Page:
Pink: The color of opportunity

I told myself I would remove the pink silicone bracelet when my sister was cured.
Then she died two months ago and I didn’t know what to do.
I couldn’t take it off.
I couldn’t bear the sight of it.
I nearly kicked down the display of pink I saw in the grocery store only a week after her death, more than a month before the kickoff of Breast Cancer Awareness Month. I wanted it gone. Pink made me angry.
A symbol of false hope.
A cash-cow for certain companies that dupe buyers into believing they are donating to the cause.
A month when simply wearing a color makes people feel like they’ve done something when they’ve done nothing at all.
All the pink in the world couldn’t save my sister.
Pink was a constant reminder of what I’d lost, what her children and husband had lost, what my siblings and her friends had lost, and it was unbearable.
Until last week.
I was at the grocery store again, the same grocery store with the premature display. The clerk was ringing up my groceries when she asked me about the bracelet. I told her about my sister, Kathy Riley. She offered condolences.
“That’s why,” she said, “I never skip a mammogram.”
For a moment, I was furious. How dare she assume my sister didn’t heed the same advice? Our mother is a survivor. Our grandmother died of breast cancer. We were vigilant, my three sisters and I. My sister’s breast cancer was detected a month after her mammogram. Her then 2-year-old son leaned against her breast and it hurt. She checked and felt a lump.
Then, through my anger, I glimpsed opportunity.
I told her my sister’s story and stressed the importance of monthly self-checks. I explained that mammograms can miss cancer in people with dense tissue and that further, more sensitive tests, can sometimes be necessary.
She expressed surprise that anyone could be diagnosed so soon after a mammogram and admitted she never did self-checks. She would from then on, she promised, and suddenly, pink didn’t make me so angry anymore.
I am still bothered by the commercialization of Breast Cancer Awareness Month and by those people who seem to revel in the color itself rather than in the meaning behind it. But I am no longer torn when I look at my bracelet.
Pink started that conversation, and who knows? Maybe the insight she gained through our talk will someday save a life. Maybe she’ll find a lump early enough for a cure, or maybe she’ll tell a friend who will tell a friend, and the conversation will keep going, moving others to do self-checks regularly.
So that’s what I ask this month of anyone who reads this.
Don’t just wear pink.
Wear it with a purpose.
Wear it as a reminder, as motivation to educate, as a conversation starter. Buy it from companies that donate to research, education or support. Wear while you send a note to someone who is battling the disease or make a meal for a cancer patient or participate in a fundraiser.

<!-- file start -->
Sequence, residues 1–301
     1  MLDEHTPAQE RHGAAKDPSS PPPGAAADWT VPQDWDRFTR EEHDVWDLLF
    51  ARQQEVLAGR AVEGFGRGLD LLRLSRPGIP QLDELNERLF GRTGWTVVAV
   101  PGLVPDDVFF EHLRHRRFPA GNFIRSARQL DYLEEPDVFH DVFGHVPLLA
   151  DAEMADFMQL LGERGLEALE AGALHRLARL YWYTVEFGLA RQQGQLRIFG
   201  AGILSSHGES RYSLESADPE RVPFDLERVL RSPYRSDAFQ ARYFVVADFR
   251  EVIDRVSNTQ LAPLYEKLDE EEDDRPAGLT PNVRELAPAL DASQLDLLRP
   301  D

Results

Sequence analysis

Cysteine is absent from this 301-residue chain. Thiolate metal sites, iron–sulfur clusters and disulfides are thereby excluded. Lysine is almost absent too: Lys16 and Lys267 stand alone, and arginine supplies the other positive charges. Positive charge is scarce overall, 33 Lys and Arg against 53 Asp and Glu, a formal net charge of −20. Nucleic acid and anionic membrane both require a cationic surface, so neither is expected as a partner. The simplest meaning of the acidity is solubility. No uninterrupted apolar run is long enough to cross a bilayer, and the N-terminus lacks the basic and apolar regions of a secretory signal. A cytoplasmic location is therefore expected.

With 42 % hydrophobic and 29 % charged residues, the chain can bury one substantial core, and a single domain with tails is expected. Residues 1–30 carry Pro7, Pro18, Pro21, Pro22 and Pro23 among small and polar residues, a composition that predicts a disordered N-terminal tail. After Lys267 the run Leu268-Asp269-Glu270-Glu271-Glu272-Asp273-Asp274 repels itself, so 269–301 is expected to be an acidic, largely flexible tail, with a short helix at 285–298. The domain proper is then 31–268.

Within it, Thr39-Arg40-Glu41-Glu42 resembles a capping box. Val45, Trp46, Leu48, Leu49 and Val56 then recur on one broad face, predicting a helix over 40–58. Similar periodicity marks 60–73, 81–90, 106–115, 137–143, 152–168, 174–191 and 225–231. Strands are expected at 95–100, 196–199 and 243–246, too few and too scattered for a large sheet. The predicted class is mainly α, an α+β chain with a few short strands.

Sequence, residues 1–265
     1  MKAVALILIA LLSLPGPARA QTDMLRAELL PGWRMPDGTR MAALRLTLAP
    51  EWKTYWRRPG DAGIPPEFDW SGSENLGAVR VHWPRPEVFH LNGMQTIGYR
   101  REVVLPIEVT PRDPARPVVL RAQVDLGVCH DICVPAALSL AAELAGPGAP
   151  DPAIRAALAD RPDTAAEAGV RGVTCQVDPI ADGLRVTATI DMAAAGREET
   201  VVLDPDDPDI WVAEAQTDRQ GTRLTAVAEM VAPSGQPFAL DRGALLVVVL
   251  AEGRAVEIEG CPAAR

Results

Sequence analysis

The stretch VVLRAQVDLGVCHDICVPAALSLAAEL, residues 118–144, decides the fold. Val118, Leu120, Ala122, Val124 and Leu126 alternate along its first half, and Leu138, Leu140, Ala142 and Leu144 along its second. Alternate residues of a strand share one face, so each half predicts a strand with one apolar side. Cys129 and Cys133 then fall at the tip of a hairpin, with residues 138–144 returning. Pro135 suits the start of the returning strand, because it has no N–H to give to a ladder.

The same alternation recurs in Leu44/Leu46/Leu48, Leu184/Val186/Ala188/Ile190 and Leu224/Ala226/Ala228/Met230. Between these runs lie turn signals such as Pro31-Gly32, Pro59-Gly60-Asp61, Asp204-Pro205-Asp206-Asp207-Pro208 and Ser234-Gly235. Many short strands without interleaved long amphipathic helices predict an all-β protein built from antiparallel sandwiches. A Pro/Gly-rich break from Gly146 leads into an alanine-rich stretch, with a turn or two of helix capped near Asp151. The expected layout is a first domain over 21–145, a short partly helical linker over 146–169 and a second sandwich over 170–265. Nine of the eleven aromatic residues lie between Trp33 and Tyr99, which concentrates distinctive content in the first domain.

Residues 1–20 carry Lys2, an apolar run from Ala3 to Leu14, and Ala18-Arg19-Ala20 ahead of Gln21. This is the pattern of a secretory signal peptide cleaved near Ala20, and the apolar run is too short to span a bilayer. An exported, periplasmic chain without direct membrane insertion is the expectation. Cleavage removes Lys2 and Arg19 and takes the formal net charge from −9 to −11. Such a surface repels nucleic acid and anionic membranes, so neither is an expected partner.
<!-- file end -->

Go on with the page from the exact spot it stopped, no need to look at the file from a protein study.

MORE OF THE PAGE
It doesn’t have to be bold and brilliant.
It can be small and subtle.
Sometimes, it’s the little things that catch people’s attention.
Little things like the bracelet on my wrist.

Earn the Pink: A Breast Cancer Awareness Month Challenge

I find myself dreading October 1, the day the world turns pink.

The month-long campaign for breast cancer research and education is an astounding success in terms of raising awareness and money. That I will admit. But it has become an event. A celebration. Pink, pink pink.
Everywhere I look, I see pink.
It’s hard to witness when my sister is on her third battle with breast cancer, which has now invaded most every part of body. Cancer will be her constant companion. She will spend the rest of her life beating it back whenever it threatens to establish primary residency.
I cringe at the constant reminders.
I wish I could turn off the lights for just one month so I wouldn’t have to see it.
 The pink.
But I can’t do that. I have to experience this month, regardless.
So I started thinking about what I can do to ease the stress, what all of us can do.
How about this?
Instead of posting ribbons to our Facebook profiles, crying over survivor stories and wearing pink t-shirts, sneakers and hats, why don’t we do something about it? Do something to help save ourselves, our relatives and our friends?
Why don’t we each make a positive change and become an example?
It doesn’t have to be a huge change. It can be as small as doing a few crunches in the morning to tighten those abs, or switching out a morning bagel for a bowl of oatmeal, or promising to start each day with one positive thought.
It’s that easy.
Those are the little things that can make a big difference. They can make us healthier – less likely to become victims, and stronger in battle should it break through our defenses. These are changes we can talk about with others, encouraging them to follow our leads.
Post it on Facebook, chat about it in the office, tweet it.
We don’t know what caused my sister’s cancer.
She’s always taken good care of herself. I suspect environment played a role. She lives in Southern Jersey in an area where cancer rates are unusually high. But even as she holds her head to stop the pounding, or clenches her stomach to ease the nausea, she’s trying harder. She’s working to improve her way of living – her diet, her attitude and her fitness.
She is fighting with everything she can.
So go ahead and cheer her on with pink flags, pom-poms and ribbons.
We all want to know someone is thinking of us, and I’m certain that helps.
But jump in and fight, too. Prepare for battle and arm yourselves well. Don’t let breast cancer have it easy. Wear the pink glow that comes with a brisk walk, or after a good night’s sleep or when you look in the mirror and tell yourself life is good.
Make pink the color of your battle uniform, not just your décor.